When We Work Together, We Can Overcome Any Adversity
The Survivor Tree, an American Elm, bore witness to the violence of April 19, 1995, and withstood the full force of the attack. Originally, it was thought the tree would not survive, but decades later, it’s done more than survive. It’s grown. And it continues to stand as a living, tangible symbol of resilience and strength.
Oklahoma City was only momentarily paused in its development. The city turned the tragedy around, rebuilding downtown, and turning the bombing site into a moving expression of remembrance, unity, hope and resilience.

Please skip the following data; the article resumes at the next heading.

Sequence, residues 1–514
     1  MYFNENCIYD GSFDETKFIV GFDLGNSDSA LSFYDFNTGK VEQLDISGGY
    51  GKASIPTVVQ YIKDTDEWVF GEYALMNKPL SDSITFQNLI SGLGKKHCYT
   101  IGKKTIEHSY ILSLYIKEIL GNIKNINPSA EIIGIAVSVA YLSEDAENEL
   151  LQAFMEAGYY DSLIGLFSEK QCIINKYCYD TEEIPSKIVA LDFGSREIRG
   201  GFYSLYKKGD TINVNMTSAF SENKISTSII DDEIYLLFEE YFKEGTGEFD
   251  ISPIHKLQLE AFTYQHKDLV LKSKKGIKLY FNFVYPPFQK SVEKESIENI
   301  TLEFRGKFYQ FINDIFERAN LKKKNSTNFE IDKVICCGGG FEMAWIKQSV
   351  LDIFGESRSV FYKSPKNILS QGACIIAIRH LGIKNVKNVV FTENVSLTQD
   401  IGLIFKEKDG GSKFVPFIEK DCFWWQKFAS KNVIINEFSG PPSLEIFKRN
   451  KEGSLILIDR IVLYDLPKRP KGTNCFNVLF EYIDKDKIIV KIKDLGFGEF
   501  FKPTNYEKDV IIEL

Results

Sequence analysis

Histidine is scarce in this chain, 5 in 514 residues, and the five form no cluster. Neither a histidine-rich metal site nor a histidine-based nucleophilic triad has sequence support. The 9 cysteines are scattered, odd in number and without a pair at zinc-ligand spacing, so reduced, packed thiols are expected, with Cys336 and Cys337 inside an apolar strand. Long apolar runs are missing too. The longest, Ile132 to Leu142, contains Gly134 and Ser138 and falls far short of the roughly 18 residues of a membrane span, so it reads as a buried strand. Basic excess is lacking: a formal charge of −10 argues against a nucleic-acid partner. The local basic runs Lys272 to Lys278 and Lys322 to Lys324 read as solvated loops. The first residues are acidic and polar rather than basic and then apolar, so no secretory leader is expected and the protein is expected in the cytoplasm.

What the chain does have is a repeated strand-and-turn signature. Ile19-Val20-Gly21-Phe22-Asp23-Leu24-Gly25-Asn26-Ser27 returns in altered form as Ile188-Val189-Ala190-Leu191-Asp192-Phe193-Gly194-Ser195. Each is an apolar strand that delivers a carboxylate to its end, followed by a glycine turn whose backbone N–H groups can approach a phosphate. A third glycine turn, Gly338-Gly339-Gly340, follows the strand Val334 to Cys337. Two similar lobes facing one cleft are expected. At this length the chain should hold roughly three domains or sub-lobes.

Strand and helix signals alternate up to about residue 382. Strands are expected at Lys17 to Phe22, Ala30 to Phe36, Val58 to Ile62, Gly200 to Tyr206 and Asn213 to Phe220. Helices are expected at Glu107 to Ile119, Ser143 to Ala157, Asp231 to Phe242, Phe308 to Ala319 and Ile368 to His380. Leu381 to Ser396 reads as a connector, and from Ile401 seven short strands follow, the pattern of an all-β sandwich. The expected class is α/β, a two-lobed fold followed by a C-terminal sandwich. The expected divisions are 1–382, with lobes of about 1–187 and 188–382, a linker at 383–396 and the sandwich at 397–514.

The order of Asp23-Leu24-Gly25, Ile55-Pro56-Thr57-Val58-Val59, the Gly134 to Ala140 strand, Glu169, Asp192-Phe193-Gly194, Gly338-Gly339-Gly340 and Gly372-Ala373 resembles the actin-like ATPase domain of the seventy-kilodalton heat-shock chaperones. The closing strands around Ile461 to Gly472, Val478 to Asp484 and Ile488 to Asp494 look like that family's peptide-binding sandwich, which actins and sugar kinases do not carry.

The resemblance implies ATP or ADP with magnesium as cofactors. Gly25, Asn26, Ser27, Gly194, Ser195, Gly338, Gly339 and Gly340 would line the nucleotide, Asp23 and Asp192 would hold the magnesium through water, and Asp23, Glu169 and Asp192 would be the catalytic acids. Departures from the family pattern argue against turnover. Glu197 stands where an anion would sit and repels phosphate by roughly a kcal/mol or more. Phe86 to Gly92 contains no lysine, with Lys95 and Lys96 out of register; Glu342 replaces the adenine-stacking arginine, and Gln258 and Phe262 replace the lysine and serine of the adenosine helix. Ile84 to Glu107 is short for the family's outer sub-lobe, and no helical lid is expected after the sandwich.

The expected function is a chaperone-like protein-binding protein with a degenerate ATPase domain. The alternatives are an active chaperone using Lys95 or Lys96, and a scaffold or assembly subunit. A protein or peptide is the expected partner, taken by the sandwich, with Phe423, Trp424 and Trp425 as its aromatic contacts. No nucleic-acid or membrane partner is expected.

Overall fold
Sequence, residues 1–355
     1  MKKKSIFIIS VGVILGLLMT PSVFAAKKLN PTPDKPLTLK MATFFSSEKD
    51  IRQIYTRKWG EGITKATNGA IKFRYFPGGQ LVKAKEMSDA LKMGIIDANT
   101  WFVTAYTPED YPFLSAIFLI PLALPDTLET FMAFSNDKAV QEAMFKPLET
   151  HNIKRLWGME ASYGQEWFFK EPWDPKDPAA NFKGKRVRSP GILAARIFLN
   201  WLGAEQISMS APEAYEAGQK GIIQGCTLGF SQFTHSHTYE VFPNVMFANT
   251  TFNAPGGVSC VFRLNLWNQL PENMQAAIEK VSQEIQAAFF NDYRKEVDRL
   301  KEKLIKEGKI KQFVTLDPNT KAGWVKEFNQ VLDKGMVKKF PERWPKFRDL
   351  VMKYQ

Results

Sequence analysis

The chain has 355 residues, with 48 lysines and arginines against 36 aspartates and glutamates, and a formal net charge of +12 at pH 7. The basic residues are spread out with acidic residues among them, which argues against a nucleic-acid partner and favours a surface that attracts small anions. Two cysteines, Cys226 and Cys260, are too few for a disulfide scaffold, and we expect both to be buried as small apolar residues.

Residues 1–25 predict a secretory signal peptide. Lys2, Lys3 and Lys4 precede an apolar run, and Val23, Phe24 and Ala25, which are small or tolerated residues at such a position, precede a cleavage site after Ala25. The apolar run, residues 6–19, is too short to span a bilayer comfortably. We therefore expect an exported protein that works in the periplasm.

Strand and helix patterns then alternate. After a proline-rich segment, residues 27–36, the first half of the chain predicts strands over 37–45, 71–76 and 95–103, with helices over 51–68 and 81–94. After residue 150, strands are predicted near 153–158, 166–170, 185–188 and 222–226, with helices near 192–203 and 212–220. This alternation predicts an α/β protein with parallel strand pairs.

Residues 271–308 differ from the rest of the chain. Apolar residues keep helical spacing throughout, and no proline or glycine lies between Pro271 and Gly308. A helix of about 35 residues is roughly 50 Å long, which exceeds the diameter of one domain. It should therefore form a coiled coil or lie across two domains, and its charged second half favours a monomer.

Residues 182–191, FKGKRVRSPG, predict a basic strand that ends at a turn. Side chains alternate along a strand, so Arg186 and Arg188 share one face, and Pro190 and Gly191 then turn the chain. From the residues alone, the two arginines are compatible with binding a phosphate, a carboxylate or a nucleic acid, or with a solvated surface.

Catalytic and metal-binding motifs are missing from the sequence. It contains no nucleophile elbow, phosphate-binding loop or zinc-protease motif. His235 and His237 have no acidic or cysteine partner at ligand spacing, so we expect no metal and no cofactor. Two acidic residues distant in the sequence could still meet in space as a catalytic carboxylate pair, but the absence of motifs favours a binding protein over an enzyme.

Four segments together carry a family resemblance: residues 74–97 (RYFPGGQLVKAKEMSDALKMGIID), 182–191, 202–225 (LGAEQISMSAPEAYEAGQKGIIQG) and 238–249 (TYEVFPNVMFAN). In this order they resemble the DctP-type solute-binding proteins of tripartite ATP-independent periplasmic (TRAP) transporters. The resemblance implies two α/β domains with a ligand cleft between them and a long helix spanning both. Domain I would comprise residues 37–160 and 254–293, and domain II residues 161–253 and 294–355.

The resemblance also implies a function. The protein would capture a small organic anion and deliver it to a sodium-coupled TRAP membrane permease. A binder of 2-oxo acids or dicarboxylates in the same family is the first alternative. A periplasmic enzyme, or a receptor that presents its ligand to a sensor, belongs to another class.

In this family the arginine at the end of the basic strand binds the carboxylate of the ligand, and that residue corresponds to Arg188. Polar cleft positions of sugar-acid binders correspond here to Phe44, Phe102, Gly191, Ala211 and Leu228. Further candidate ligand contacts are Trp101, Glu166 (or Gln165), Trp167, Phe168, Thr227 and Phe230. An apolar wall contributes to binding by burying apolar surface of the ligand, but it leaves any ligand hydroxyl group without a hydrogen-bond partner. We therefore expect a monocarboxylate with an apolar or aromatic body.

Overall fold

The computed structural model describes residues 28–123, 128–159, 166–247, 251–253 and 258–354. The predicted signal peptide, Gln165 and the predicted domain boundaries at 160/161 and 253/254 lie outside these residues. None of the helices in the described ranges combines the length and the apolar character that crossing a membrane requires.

As a result of the Oklahoma City and Kenya bombings, the University of Oklahoma Terrorism and Disaster Center (TDC) was formed. Through multi-year grants from the U.S. Department of Health and Human Services’ Substance Abuse and Mental Health Services Administration, the TDC has done groundbreaking work in understanding the essence of resilience and in creating more resilient communities.
The sense of resilience is even stronger in the Memorial Museum, where in Chapter 10 visitors are left with a sense of hope and triumph. Here, you discover how the Memorial Museum perfectly expands on the sentiments and symbolism of the Memorial, leaving you with the feeling that as a state and nation, we have and always will triumph over tragedy.